November 2018

By Scott Canning, Horticulture and Special Projects Director

November is still a good time to plant or transplant deciduous trees and shrubs. It is getting too late to transplant conifers, because they continue to transpire (lose water from their needles) through the winter and suffer from the root-pruning that invariable accompanies transplanting. They can, however, still be planted out from containers, and you can even still plant balled and burlapped conifers, if they haven’t been dug recently and look robust. Deciduous trees and shrubs give you a longer window because they lose their leaves and transpire very little from their trunks and twigs. They will start to grow roots in the spring before they leaf out, to make up for roots lost when they are moved. I know, it is NOT a hard-and-fast rule, but if you think about water lost through needles throughout the winter versus water not lost by trees that drop their leaves, I hope it begins to make sense.

Protect your trees, especially young ones, by removing grass and weeds from their base where rodents might feed on young bark and wood in winter. Consider hardware cloth collars—they will protect young trees even if there is snow that might hide the enemy: Rodents don’t truly hibernate and love trench warfare in winter. Also consider propping any small weeping trees with some extra staking to avoid breakage in case of that rare, heavy wet snow.

Winterize your irrigation system if you haven’t already. Well-designed systems might have gravity drains; otherwise, you might need to use compressed air or have an irrigation contractor do it. The most vulnerable components are the hard plastic pipes and valves in outside valve boxes. Exposed backflow preventers are vulnerable, too.  I know some folks who fill plastic bags with packing material (“peanuts” or fiberglass batting) and layer them into their valve boxes, but if we drop below zero, all bets are off!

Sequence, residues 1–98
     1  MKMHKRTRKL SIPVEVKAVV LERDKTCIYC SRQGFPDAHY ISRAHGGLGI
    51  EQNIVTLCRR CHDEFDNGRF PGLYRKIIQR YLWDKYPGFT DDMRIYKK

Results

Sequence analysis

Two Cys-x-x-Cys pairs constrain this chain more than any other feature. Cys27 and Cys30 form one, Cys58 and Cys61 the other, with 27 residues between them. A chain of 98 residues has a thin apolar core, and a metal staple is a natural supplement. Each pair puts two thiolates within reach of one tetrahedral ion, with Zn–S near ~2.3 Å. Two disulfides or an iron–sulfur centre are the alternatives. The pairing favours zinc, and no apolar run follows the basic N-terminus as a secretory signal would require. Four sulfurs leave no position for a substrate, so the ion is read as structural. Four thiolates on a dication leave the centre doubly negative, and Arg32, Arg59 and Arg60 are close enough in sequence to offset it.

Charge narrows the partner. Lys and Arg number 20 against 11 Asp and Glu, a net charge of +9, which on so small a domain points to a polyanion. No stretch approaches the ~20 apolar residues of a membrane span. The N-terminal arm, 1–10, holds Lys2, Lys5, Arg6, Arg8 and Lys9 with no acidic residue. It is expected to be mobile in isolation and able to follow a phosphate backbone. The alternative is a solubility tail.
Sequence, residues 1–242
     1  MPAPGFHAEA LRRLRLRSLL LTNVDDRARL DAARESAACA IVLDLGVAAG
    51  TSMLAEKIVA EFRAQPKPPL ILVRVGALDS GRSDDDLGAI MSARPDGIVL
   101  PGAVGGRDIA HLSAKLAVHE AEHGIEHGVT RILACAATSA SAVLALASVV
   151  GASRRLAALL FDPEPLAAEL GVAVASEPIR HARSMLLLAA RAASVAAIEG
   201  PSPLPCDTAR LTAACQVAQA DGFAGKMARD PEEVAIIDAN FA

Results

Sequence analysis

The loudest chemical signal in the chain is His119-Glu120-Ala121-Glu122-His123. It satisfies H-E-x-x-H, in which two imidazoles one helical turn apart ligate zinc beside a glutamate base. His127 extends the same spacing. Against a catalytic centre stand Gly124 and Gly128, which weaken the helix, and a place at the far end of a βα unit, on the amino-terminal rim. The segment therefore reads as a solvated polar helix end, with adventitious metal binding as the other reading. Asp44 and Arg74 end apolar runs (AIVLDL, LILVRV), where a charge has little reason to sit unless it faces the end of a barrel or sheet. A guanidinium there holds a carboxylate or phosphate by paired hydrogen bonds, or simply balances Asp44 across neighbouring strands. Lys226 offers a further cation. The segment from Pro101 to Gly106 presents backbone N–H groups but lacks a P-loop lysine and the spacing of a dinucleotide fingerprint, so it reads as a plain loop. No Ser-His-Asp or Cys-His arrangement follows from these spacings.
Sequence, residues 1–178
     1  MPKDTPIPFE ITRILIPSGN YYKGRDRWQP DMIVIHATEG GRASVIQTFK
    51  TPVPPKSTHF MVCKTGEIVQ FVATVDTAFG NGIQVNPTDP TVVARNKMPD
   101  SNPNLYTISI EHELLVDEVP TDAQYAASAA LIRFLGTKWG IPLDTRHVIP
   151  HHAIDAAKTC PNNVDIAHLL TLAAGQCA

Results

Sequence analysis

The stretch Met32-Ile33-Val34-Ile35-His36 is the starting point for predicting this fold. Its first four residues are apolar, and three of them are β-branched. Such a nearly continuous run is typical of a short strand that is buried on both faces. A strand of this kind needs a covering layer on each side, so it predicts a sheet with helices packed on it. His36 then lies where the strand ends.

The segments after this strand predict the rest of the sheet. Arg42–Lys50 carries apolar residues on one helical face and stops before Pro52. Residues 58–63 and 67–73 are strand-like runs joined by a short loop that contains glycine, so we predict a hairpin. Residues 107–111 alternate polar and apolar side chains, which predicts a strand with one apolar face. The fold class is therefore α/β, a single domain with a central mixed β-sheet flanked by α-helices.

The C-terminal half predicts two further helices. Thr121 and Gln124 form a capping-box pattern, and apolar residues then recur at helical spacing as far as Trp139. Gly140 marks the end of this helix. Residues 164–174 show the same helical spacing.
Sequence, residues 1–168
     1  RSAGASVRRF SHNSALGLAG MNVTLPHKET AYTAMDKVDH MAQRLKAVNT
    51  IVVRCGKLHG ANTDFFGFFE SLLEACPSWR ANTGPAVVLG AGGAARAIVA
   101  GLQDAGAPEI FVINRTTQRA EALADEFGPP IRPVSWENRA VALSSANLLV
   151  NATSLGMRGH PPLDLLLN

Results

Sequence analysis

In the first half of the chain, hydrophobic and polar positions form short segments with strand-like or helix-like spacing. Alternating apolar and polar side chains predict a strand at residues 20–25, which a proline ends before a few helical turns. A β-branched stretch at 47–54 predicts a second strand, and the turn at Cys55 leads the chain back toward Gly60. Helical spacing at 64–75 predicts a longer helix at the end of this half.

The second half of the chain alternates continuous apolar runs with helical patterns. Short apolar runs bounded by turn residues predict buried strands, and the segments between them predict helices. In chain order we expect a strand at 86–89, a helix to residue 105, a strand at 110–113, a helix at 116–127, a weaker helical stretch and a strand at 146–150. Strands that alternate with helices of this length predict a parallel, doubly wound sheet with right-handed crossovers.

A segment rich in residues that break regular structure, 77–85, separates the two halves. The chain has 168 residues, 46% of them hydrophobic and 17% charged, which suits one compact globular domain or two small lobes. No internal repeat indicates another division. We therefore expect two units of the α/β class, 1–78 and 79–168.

In the flower garden it is time to dig and store dahlias, gladiolus and other tender bulbs you may have planted in spring. They can be stored in a box of barely damp material (crushed leaves, ambrosia or other wood shavings, or peat) in a cool but not freezing location. (I know; avoid using peat-its use is really not sustainable). It is also last-call for fall-planted spring-flowering bulbs. You might find great sales at the end of the season. Two of my go-to sources are Brent & Becky’s Bulbs and Van Engelen/Scheepers. Time, too, to start cleanup, but leave your self-sowers and ornamental grasses standing, as well as any plants that are forage for birds.

In the vegetable garden, sow a cover crop or a mix of cover crops as you empty the beds. And in a hopeful gesture at this time of year, besides planting bulbs, you can sow a bed of spinach for your earliest crop next year. And continue to compost, compost, and compost some more!